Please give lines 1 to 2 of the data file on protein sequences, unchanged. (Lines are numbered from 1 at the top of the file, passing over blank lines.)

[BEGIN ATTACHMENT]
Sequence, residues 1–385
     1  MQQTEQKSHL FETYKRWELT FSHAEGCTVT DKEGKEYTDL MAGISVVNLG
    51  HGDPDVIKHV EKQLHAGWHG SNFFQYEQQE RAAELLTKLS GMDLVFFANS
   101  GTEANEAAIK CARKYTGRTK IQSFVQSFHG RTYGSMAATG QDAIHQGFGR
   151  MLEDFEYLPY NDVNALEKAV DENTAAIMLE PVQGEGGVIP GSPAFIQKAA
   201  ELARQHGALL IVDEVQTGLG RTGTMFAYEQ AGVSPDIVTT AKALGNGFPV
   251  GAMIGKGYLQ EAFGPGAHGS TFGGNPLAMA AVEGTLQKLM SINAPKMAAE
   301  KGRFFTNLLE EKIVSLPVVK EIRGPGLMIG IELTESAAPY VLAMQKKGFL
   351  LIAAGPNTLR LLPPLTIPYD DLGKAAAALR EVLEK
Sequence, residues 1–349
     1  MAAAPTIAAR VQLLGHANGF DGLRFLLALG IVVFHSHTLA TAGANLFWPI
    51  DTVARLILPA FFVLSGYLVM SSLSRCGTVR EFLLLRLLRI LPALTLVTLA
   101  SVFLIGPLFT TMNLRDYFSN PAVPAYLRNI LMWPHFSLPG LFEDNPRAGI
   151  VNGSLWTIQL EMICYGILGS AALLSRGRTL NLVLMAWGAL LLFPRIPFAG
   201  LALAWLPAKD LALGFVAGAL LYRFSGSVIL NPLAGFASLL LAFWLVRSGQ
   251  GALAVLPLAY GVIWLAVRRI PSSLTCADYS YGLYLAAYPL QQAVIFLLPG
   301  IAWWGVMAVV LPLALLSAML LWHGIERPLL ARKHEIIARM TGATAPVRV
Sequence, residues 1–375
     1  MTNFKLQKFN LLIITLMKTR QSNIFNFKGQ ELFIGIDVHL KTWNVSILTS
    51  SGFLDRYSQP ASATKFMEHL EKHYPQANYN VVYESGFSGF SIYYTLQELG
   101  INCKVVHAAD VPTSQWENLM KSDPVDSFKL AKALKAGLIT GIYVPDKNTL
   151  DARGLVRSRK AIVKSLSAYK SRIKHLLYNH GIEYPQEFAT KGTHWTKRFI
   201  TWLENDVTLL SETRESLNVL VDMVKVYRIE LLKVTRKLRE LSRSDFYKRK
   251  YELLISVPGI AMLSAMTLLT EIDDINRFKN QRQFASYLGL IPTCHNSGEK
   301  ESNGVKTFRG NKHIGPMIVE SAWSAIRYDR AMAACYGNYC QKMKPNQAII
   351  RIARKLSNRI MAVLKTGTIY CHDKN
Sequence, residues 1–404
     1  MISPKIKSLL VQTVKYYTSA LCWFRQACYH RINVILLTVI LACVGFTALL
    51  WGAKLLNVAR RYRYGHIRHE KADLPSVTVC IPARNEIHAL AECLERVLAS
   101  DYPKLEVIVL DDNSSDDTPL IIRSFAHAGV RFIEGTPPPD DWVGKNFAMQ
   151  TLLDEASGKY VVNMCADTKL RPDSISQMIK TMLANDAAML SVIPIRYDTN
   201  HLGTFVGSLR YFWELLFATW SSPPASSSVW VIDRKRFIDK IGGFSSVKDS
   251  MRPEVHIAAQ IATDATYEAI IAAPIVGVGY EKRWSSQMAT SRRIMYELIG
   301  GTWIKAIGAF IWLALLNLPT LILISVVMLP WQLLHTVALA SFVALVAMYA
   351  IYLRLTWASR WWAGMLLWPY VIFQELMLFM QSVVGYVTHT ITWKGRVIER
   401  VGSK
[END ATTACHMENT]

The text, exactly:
Sequence, residues 1–385
     1  MQQTEQKSHL FETYKRWELT FSHAEGCTVT DKEGKEYTDL MAGISVVNLG